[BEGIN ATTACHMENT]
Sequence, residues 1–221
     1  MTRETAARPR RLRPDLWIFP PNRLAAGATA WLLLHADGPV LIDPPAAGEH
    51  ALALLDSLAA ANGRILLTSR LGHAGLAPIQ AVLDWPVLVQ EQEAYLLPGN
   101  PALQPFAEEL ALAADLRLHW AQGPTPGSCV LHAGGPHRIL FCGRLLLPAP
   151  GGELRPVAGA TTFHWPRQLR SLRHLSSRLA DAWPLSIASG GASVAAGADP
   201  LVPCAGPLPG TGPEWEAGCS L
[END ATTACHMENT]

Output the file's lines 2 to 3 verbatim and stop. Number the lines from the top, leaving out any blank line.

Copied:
     1  MTRETAARPR RLRPDLWIFP PNRLAAGATA WLLLHADGPV LIDPPAAGEH
    51  ALALLDSLAA ANGRILLTSR LGHAGLAPIQ AVLDWPVLVQ EQEAYLLPGN